Federal Way will not proceed in administering the Prometa drug treatment protocol due to insufficient proof of its ability to rid drug and alcohol addicts of their desire for substances.
On April 15, the Federal Way City Council chose not to use the $20,000 earmarked during the mid-biennium budget process for the drug treatment. Staff was unable to gather enough convincing evidence of Prometa’s effectiveness for it to feel comfortable recommending the city council proceed in a pilot program.
“This is premature and I suggest the city step back from this until it’s proven effective,” said Lynnette Hynden, Federal Way human resources manager, at an April 8 Parks, Recreation, Human Services and Public Safety committee meeting.
Prometa is a combination of three medications — Flumazenil, Hydroxyzine and Gabapentin — independently approved by the Food and Drug Administration. Prometa is thought by some in the medical field to relieve alcohol, cocaine and methamphetamine addicts of their cravings for the drugs. The treatment came to the attention of Federal Way City Council member Jack Dovey, and he requested the city set aside the money to pursue the treatment late 2007.
“Anything we can do to help our citizens kick the crack (cocaine) habit is vitally important to me,” Dovey said.
About the same time, Prometa came under scrutiny when Pierce County auditors found spotty data and testing were used to promote the medication mixture, which was then administered by Pierce County Alliance, a social services group.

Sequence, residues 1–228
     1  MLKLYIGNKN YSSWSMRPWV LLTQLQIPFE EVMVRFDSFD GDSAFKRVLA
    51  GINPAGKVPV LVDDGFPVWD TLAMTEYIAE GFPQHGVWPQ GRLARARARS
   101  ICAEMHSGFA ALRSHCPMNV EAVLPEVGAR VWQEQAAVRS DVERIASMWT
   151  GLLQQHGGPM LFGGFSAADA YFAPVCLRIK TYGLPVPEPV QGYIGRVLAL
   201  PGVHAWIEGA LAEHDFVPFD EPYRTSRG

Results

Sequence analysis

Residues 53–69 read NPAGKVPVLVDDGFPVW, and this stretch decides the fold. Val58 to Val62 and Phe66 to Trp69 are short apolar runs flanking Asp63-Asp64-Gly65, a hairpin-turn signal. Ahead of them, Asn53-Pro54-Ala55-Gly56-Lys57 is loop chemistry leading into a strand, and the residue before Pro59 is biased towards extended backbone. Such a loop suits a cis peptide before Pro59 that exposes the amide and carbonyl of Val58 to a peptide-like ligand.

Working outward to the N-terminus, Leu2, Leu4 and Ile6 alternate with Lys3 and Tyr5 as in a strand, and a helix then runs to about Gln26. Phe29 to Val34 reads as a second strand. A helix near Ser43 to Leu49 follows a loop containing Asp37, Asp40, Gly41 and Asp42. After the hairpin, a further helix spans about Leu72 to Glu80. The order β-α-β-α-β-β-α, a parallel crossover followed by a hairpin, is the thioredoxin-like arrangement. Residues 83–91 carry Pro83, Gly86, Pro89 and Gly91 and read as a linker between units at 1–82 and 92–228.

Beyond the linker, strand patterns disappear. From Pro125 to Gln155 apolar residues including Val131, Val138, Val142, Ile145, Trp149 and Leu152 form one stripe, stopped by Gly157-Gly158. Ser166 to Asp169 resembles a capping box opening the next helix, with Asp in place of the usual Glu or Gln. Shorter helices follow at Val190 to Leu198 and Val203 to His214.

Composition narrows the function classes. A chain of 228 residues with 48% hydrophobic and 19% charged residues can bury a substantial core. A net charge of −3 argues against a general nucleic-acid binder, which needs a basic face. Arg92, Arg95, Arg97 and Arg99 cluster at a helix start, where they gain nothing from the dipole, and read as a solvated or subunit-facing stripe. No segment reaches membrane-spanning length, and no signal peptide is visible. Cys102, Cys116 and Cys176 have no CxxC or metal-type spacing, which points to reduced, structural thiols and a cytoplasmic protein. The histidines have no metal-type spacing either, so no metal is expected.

Federal Way staff performed its own research and was also concerned about the treatment. Staff was able to gather only a small amount of scientific data in support of Prometa.
A double-blind placebo test, in which one control group receives the treatment and the other does not, with neither knowing which group is being administered the protocol, was never performed, according to a March 12 memorandum written by Hynden. First-hand testimonies were not enough to allow staff to predict what the treatment’s long-term effects may be, according to the same memo.
Even if Prometa were proven effective, $20,000 is not enough to serve the number of Federal Way residents that could benefit from the program, council member Mike Park said at the April 8 meeting.
Dovey said he still feels the treatment program is needed in Federal Way, and the city council may choose to pursue Prometa in the future. He has seen the positive effects it had on one of his employees, a former methamphetamine addict, and had hoped the Human Services Commission would recommend the protocol be administered in Federal Way.
“I’m disappointed, but we’ll have to get some more data and more statistics and see if we can make it happen next time,” Dovey said.
The city council does not have plans, that Dovey knows of, to dedicate funding to any other type of drug treatment program, he said.
Contact Jacinda Howard: firstname.lastname@example.org or (253) 925-5565.